Case in point is Currencycloud’s partnership with Mambu. We don’t, nor will we ever, fully understand all the complexities of providing a core banking system. Similarly, Mambu doesn’t want to take their eye off their primary focus by becoming experts in cross-border payments. However, working together to create a joint value proposition where one solution fits seamlessly with the other, for example Mambu and Currrencycloud’s Cross-Border Payments Connector, reinforces an aligned sales pitch and go-live process. This results in a more joined up buying experience for banks. This close collaboration also ensures banks don’t get stuck in project hell trying to work with many individual providers who don’t know how to talk to one another

This is not all on fintechs. Banks also need to change how they buy. For example, imagine a process, clearly devised by someone in procurement, where they:

Step one

Hire a consultant to run the process while the identity of the bank remains a mystery to those pitching for the business until the contract is signed.

Step two

A consultant creates a tick box exercise to check whether potential suitors have the right accreditations but, as a consequence, those who could provide a solution are kept at arms’ length, unsure what the underlying pain-points are for a bank and therefore cannot tailor responses to a bespoke need.

Step three

The consultant gets RFP participants to manually plug answers into a long-winded form where there’s a set deadline for would-be vendors to collate and ask upfront questions.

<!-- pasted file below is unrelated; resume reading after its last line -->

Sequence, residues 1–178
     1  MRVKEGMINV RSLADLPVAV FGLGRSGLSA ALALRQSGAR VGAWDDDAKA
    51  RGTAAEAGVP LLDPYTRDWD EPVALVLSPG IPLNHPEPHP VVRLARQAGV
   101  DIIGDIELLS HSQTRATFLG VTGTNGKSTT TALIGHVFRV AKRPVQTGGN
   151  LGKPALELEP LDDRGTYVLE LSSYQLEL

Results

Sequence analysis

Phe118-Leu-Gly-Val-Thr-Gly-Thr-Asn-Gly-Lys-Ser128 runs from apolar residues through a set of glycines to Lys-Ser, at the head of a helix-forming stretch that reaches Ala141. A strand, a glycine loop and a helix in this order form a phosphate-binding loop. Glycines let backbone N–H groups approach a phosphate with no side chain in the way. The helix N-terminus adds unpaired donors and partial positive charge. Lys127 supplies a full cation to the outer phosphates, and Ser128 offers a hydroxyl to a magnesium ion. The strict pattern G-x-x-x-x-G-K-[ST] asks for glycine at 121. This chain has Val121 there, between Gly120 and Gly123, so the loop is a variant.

Step four

A vendor may know other partners that are part of a deal beforehand, but in reality, they all get introduced to one another after everyone’s been selected via steps one, two and three.

This process completely overlooks the importance of finding the right technical partner(s) who have a complementary solution together with a compatible culture. It also assumes that the partners that are being cobbled together will naturally just gel because you, the bank, selected them the same way.

Balancing entrepreneurship with intrapreneurship

It’s imperative that partnerships understand enterprise when selling to enterprise organisations. In that respect, there’s a need to balance the subtle difference between entrepreneurship and intrapreneurship. The former is creating something big and bold that’s - and I use this phrase with a certain amount of hesitation - going to be a ‘game changer for your end customers’. I can’t think of many who are comfortable with that approach. On the other hand, the latter requires an understanding of the existing tech stack and what the quickest path to revenue is with the assets at your disposal. There also needs to be clarity about how your tech solution could apply to an immediate problem or something you might not have considered.

Fundamentally, for fintechs to succeed in this segment, they need to find the common ground between the unbundled and bundled approaches. This requires keeping the best of breed component parts, but having them pre-assembled in a way that enables a simplified buying process. The result then creates speed to revenue and a long-term harmonious working relationship with all stakeholders involved. Shall I say…a game changer?

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David Reiss, Programme Director for Strategic Partnerships at Currencycloud
David has been an ever-present figure at Currencycloud since the early days and has held a number of roles during his time at the company, including Head of Client Support and Head of Solutions. His depth of knowledge of the fintech industry and the nuances of cross-border payments would have you finding it hard to believe he was once a trainee solicitor. These days he is Currencycloud’s Programme Director for Strategic Partnerships, working with the partner ecosystem to deliver best-in-class cross-border payments solutions for end users.
David Reiss, Programme Director for Strategic Partnerships at Currencycloud